The two worlds of Waiheke, New Zealand’s paradise island

Sipping a succulent syrah inside of the beachfront tasting room at Man O’ War winery, a quick glance of the room is all it takes to confirm I’m out of my element.

To my left, a middle-aged man sporting crocodile shoes and hair of a dubious authenticity casually flashes a credit card for $500 of the vineyard’s finest vintage. To my right, a suntanned yachtie with a bushy white mustache gesticulates to an acquaintance about the strength of the new varnish recently applied to his helm station.

Then, sandwiched between the two socialites, is me, a wandering travel writer who temporarily lives in a van which was shipped to the island on a 45-minute ferry. Meekly performing a free wine tasting just trying to learn a little about Waiheke wines, the contrast is pretty black and white.

Luckily for all parties involved, however, Waiheke Island is more multi-dimensional than simply being a playground for the uber-rich. Sure, there are expensive rave-parties at vineyards, hidden beachfront mansions, and trendy, high-priced boutiques lining the island’s main thoroughfare, but there is an entire other side to Waiheke which can’t be invested in, can’t be corrupted, and definitely can’t be bought.

I am here to explore that side of Waiheke.”It’s paradise island!” claims my friend Barlow, a couldn’t-be-happier Waiheke Island resident.

“It’s like living in the 1970’s! Come stay for a year!”

A recent transplant to the island from Australia, Barlow is one of the few workers swimming upstream against the river of Kiwis “jumping the ditch” to Australia for a share of the booming mining business, an industry where average salaries hover around $124,000 U.S. dollars per year. Don’t believe me? Check out this chart.

Barlow, however, wants no part if it. Instead, he’s enamored with the antiquity of Waiheke and the pervasive sense of island calm. There are no malls on Waiheke, and there are no freeways. With a population of only 8,000 residents, Waiheke is the third most populated island in New Zealand, yet still retains a small town feel. He instructs me to park my van on the grass just off the side of the road.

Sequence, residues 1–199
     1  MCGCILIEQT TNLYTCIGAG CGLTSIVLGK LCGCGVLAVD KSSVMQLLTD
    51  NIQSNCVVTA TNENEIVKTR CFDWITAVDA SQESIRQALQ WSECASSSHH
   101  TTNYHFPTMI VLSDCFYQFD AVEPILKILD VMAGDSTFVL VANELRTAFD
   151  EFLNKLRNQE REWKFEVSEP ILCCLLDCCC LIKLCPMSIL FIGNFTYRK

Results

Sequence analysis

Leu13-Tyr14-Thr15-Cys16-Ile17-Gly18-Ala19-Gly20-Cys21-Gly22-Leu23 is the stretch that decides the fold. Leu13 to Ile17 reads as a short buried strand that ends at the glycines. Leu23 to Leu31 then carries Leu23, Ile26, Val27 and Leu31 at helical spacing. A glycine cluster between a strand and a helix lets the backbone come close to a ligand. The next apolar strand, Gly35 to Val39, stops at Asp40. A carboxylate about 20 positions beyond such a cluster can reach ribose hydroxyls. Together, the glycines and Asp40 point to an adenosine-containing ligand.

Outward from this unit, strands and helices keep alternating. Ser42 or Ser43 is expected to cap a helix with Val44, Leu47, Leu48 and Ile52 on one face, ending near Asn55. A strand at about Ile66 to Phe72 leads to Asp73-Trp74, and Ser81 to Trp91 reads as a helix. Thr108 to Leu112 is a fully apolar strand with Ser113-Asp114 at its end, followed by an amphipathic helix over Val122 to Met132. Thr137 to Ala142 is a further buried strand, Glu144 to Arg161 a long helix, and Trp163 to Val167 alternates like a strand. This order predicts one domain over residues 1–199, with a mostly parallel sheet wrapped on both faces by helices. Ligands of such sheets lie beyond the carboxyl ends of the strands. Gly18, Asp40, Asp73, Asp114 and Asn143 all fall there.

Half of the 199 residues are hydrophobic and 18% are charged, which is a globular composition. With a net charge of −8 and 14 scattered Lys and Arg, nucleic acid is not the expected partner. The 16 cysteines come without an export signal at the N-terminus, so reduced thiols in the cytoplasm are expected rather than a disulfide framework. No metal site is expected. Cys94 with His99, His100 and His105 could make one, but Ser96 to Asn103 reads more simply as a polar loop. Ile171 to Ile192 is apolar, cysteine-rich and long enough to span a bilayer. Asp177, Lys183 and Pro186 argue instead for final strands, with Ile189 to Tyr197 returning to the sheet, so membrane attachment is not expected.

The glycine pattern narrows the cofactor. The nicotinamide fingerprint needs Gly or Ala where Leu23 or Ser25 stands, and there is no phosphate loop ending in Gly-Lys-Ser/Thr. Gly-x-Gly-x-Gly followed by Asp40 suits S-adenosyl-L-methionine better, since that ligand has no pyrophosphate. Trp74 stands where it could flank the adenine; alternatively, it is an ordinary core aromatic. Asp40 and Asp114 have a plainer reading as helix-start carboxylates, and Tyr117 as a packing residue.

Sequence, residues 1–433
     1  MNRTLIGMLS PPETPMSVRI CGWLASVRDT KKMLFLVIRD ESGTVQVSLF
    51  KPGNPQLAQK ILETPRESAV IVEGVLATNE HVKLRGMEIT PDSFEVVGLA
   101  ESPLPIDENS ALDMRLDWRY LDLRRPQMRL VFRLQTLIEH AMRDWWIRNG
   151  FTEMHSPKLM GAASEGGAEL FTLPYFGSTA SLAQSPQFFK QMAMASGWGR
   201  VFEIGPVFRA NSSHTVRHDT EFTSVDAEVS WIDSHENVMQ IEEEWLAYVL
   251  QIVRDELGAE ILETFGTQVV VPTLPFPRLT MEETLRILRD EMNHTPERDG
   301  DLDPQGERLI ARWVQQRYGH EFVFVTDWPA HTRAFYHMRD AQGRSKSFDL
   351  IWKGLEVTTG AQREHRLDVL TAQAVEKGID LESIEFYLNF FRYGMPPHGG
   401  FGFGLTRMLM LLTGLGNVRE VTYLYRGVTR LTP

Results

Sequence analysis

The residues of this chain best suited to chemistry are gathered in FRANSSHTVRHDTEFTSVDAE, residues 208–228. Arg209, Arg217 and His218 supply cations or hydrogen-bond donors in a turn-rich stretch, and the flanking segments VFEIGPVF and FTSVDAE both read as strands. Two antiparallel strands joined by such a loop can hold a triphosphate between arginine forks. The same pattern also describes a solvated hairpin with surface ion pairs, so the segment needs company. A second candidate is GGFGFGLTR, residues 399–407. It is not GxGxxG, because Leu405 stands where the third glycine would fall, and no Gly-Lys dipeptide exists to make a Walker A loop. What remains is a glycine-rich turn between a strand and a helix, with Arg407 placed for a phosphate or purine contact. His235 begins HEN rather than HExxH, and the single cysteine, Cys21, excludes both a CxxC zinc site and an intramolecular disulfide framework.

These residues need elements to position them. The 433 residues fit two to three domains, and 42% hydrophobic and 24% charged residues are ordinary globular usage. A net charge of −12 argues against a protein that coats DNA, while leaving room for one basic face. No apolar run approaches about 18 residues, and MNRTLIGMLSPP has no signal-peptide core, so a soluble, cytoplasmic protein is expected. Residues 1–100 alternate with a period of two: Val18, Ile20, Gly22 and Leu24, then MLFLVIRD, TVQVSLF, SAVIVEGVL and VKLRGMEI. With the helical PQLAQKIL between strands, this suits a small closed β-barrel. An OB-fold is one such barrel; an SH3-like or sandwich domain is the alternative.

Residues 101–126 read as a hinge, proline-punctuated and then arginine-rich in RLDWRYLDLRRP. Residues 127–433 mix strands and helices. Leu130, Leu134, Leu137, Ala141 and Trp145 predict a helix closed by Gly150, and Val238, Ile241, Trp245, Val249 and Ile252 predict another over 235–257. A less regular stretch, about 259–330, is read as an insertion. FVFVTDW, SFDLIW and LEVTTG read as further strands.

“You can leave it there for a month” he claims. “And no need to lock it.”

Later in the afternoon we take a hike along a coastal trail accessible only at low-tide. Although the island is only 36 square miles and crawling in private boats over from Auckland, there are still a surprising amount of hidden coves with nary a person on them.

Confirming the notion there are still places to escape the “see-and-be-seen” areas of Waiheke, the first person we encounter on the two mile amble along the coast is a woman opting to sunbathe in the total nude. A turquoise t-shirt placed ever so delicately over her face, we decide to scamper further down the trail and allow her to erase her tan lines in peace.

Meandering around a few more empty points, we find a lone fisherman seated calmly on a rocky outcropping, a faded straw hat protecting his sun-shriveled neck. Though I notice no fishtails poking out of his white plastic bucket, he exudes the feeling he hasn’t a care in the world.

“Nice spot for fishing you’ve found out here” I acknowledge upon approach.

“Ah, the fish are just a bonus mate. I come out here to find myself. Have some time for my thoughts. Might dive for some kina when the tide backs out a bit.”

A local seafood delicacy, kina is a a type of sea urchin endemic to New Zealand waters where the bitter tasting roe can reach prices of $25/pound. Climbing a densely forested pathway away from the pensive fisherman, I reason that kina can, in a way, speak to the dichotomy of Waiheke. Some people on Waiheke prefer to buy their kina; others would rather dive for their own.

Treating myself to a glass of Te Whau syrah at the end of the hike, followed by a pint of Onetangi dark ale from Waiheke Island Brewery (what? I’m on vacation), I eventually find myself wandering Oneroa Beach beneath a sky painted pink by the setting Kiwi sun.

There on the beach is when it hits me.

This, I realize, does not cost any money. This soft white sand beneath my feet, the smell of salt wafting off the tranquil Hauraki Gulf, the easygoing atmosphere of the locals strolling the beach alongside me, this is all part of the Waiheke charm that doesn’t have a price tag dangling off the end.

So although Waiheke Island may boast a glitzy reputation, travelers to New Zealand should remember that Waiheke is still just an island, and as is often the case, the best parts of island life always comes free.